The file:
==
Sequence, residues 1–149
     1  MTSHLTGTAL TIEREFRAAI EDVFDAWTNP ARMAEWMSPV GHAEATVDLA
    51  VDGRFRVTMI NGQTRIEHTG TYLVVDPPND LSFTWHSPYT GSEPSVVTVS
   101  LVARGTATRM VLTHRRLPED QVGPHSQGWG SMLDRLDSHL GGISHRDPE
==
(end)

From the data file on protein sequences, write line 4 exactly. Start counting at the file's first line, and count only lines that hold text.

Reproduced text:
   101  LVARGTATRM VLTHRRLPED QVGPHSQGWG SMLDRLDSHL GGISHRDPE